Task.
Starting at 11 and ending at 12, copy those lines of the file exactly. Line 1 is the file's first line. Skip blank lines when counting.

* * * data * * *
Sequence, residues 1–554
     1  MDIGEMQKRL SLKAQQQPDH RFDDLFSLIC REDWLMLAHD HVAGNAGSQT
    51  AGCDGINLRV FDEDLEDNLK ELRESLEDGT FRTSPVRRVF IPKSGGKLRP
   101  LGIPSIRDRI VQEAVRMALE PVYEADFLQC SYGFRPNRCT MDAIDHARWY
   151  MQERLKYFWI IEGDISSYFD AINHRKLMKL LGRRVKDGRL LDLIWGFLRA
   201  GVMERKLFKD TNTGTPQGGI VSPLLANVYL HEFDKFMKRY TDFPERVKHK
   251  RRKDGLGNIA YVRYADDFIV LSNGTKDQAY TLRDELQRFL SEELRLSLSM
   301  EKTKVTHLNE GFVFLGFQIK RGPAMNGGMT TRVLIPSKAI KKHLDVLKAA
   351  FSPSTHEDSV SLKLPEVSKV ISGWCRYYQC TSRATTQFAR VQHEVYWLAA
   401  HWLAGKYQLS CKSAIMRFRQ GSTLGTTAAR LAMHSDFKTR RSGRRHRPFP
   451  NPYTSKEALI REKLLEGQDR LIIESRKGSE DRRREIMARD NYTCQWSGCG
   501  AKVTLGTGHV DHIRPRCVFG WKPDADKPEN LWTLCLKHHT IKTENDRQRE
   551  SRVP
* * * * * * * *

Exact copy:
   451  NPYTSKEALI REKLLEGQDR LIIESRKGSE DRRREIMARD NYTCQWSGCG
   501  AKVTLGTGHV DHIRPRCVFG WKPDADKPEN LWTLCLKHHT IKTENDRQRE